PyTorch torch.adjoint() method **“returns a view of the tensor conjugated and with the last two dimensions transposed.”**

**Syntax**

`torch.adjoint(`*Tensor*)

**Parameters**

**Tensor:** It is an input tensor.

**Example 1: Basic usage with a 2D complex tensor**

```
import torch
tensor_1 = torch.tensor([[1 + 1j, 2 + 2j], [3 + 3j, 4 + 4j]])
adjoint_1 = torch.adjoint(tensor_1)
print("Original Tensor:")
print(tensor_1)
print("\nAdjoint Tensor:")
print(adjoint_1)
```

**Output**

**Example 2: Using the method with higher-dimensional tensors**

```
import torch
tensor_2 = torch.tensor([
[[1 + 1j, 2 + 2j], [3 + 3j, 4 + 4j]],
[[5 + 5j, 6 + 6j], [7 + 7j, 8 + 8j]]
])
adjoint_2 = torch.adjoint(tensor_2)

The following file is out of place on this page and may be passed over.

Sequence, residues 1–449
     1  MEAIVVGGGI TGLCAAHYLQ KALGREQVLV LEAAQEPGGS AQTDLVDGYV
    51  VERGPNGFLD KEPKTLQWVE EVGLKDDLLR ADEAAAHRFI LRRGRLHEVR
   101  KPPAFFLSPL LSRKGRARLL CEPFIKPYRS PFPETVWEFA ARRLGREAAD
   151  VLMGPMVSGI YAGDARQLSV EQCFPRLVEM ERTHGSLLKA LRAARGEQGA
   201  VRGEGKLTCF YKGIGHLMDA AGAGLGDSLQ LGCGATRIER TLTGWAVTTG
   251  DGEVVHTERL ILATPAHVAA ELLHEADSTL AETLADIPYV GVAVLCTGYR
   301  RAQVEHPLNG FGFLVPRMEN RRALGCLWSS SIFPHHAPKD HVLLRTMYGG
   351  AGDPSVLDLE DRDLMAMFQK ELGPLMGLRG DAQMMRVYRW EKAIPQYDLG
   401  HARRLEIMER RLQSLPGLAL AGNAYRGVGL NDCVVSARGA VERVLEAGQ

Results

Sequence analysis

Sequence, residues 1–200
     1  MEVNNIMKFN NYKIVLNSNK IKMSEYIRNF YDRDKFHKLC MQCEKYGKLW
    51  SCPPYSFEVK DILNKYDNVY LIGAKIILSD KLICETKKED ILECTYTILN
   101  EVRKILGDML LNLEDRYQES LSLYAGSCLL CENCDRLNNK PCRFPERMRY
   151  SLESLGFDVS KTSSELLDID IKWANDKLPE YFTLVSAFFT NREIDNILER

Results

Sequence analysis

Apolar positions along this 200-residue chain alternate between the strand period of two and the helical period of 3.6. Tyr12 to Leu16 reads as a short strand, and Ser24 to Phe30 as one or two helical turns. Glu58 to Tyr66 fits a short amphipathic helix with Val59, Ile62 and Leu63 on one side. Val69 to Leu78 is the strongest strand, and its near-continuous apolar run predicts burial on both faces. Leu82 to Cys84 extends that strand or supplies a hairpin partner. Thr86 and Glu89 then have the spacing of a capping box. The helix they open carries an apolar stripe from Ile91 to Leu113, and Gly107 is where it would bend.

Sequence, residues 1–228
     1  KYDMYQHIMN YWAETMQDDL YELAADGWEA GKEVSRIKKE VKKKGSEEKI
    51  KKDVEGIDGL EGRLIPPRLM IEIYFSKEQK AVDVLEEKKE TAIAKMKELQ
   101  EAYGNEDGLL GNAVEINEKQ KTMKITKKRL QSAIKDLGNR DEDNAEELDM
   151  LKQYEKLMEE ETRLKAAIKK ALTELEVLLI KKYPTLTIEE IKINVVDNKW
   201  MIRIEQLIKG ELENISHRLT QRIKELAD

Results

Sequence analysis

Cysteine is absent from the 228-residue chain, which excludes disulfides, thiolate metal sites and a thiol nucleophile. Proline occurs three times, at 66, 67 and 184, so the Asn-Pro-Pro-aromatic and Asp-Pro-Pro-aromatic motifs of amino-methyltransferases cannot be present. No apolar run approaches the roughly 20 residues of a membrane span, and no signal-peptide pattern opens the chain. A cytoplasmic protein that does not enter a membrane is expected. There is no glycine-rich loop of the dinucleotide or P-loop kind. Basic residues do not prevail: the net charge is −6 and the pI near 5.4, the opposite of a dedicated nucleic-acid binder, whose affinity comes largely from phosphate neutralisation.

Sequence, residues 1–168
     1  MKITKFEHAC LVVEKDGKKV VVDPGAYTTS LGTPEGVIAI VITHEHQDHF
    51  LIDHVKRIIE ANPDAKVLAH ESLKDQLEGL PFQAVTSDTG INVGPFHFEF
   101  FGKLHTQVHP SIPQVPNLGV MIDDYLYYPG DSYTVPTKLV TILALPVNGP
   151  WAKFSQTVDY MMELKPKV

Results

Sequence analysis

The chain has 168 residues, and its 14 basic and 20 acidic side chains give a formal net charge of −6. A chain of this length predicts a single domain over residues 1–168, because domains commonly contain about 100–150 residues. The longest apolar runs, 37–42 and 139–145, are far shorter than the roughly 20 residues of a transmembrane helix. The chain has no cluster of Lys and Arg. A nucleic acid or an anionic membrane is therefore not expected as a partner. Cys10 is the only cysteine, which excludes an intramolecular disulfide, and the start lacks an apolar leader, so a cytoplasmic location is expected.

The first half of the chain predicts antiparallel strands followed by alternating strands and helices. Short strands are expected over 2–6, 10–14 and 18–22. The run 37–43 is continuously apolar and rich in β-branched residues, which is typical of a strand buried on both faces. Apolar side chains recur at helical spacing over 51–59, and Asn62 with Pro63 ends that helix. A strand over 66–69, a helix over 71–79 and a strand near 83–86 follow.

print("Original Tensor:")
print(tensor_2)
print("\nAdjoint Tensor:")
print(adjoint_2)
```

**Output**

**Example 3: Using the method with real numbers**

```
import torch
tensor_3 = torch.tensor([[1, 2], [3, 4]])
adjoint_3 = torch.adjoint(tensor_3)
print("Original Tensor:")
print(tensor_3)
print("\nAdjoint Tensor:")
print(adjoint_3)
```

**Output**

For real numbers, the adjoint is the same as the regular transpose since there’s no complex component to conjugate.

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Krunal Lathiya is a seasoned Computer Science expert with over eight years in the tech industry. He boasts deep knowledge in Data Science and Machine Learning. Versed in Python, JavaScript, PHP, R, and Golang. Skilled in frameworks like Angular and React and platforms such as Node.js. His expertise spans both front-end and back-end development. His proficiency in the Machine Learning frameworks like PyTorch and Tensorflow is a testament to his versatility and commitment to the craft.